If you’re looking for a mid-week study break, look no further than the basement of Gifford Hall. Every week performers and audience members alike gather for a Wednesday Open Mic Party (WOMP) in the Gamut Room to celebrate and support campus musicians.
Current WOMP Head Andrew Grossman ’23.5 described WOMP as an “informal organization” where bands, solo acts and other performers can sign up to play music.
“It’s a space where you can come without anything prepared,” Grossman said. “I like how casual it is, but we also have acts who practice for weeks and come up and give amazing shows.”
Grossman, who plays guitar, became involved with WOMP during his first semester on campus in the spring of 2020. He had been part of a band in high school and was in the process of learning some songs when he was notified that he had to leave campus. Grossman and friends then decided at the last minute to perform at WOMP.
“It was just like a fever dream,” Grossman said. “The energy in that room was like one of the only things I remember from the first semester.”
This past fall, Grossman became more involved with WOMP before ultimately taking over, often helping set up audio equipment and organize acts.
He’s also in the process of trying to learn more about WOMP’s mysterious past.
“WOMP is relatively new as a concept,” Grossman said. “There’s not a ton of intergenerational memory.”
According to an article from The Campus, WOMP was founded in 2014 by Eyal Levy ’14.5 and Mitchell Parrish ’14 with the goal of uniting the music scene on campus.
WOMP’s setting is a character in and of itself. The Gamut Room, with its beanbags, exposed rock and elaborately painted walls, is an ideal spot for such a creative event. Liam Wynne ’21.5, a former WOMP head, also organized a painting project to add more art to the space.
The setting was also something that struck Marina Prikis ’25, a regular WOMP performer who has headlined twice.
“I think it’s vibrant and colorful. The setting is just so fitting for the event,” Prikis said. “I think it’s one of the most unique spaces in the school.”
Prikis discovered WOMP during her first couple of weeks on campus and was eager to continue performing her music after high school.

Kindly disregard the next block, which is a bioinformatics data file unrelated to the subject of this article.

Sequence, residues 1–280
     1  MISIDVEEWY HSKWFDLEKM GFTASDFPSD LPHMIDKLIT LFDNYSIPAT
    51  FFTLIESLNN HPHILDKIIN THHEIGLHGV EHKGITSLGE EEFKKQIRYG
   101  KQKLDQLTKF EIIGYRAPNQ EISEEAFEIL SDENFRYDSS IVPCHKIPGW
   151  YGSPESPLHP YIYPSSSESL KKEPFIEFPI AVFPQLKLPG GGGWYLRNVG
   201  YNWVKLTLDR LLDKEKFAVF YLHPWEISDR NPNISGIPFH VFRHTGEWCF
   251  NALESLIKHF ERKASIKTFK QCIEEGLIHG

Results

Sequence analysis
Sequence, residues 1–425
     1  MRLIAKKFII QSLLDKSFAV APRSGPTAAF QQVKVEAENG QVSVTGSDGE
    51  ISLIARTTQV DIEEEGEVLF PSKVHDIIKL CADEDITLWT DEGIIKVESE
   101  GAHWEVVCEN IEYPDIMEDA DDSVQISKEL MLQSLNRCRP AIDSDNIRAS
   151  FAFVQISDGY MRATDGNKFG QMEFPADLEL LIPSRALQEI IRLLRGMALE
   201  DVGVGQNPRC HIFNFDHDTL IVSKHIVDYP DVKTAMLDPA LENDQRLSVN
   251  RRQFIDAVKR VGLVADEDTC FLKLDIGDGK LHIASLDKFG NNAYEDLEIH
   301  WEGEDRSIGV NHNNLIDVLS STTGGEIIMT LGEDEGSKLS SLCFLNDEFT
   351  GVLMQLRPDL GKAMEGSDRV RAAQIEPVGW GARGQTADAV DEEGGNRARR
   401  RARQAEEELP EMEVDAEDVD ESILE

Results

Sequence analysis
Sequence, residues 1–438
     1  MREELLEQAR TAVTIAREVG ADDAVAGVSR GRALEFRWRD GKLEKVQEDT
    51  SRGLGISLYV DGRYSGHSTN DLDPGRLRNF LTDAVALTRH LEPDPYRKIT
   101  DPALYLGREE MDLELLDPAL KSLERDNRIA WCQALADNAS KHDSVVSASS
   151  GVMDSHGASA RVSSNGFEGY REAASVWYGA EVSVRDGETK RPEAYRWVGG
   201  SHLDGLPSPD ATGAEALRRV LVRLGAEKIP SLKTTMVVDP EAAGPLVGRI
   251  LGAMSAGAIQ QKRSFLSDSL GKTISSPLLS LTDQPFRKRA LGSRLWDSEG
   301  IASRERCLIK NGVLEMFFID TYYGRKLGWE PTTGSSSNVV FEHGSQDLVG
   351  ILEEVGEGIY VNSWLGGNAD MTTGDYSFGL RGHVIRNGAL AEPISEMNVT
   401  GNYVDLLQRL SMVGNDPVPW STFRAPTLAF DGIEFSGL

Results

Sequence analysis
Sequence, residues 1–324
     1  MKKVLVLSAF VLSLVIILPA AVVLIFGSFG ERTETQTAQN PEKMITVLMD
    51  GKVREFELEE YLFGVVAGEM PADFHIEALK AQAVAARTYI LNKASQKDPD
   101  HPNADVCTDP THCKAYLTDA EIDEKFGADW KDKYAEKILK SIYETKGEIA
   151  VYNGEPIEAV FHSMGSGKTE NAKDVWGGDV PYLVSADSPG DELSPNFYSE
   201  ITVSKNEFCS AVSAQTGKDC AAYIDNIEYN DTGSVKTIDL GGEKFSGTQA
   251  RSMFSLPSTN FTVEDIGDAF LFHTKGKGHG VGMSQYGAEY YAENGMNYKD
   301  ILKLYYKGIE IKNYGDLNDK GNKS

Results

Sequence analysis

“It’s just a space to be able to share music I’m working on or just meet people with similar interests. I’ve been able to meet people I can collaborate with, and it’s just a really great space and a lot of fun,” Prikis said. She described the atmosphere as very supportive and encouraging and a great place to build confidence as an artist.
Both Grossman and Prikis emphasized how WOMP gives student artists a much needed outlet to express themselves — as well as providing a space for students to support each other.
“I think Middlebury has its stereotypes. You think a lot of outdoors, a lot of prep. But I think there’s an overlooked music community,” Grossman said. He hopes to expand WOMP’s outreach in the coming months and organize more events.
Prikis also appreciates the diversity of music that WOMP spotlights.
“With WOMP you definitely find a lot of variety because you have the bands where it’s very lively, and everyone’s dancing, and it’s a lot of fun, but you also have some of the more stripped down acts and solo acts. WOMP gives you a taste of everything,” Prikis said.
As the spring starts, Grossman is excited for another semester of WOMP and encourages more students to come perform or watch on Wednesday evenings. “It’s always here if you want to come,” Grossman said.
WOMP is looking for more performers. Interested students should reach out to Andrew Grossman at email@example.com
Charlie Keohane ‘24 is an Editor at Large.
She previously served as SGA Correspondent and a Senior Writer.
Keohane is undeclared but is planning to study environmental studies, creative writing, and psychology. She is also a member of the women’s track and field team and a radio host on WRMC. This past summer, she interned at the Middlebury Admissions Office and now spends her free time hiking, sending snail mail, and FaceTiming her rescue dog, Poppy.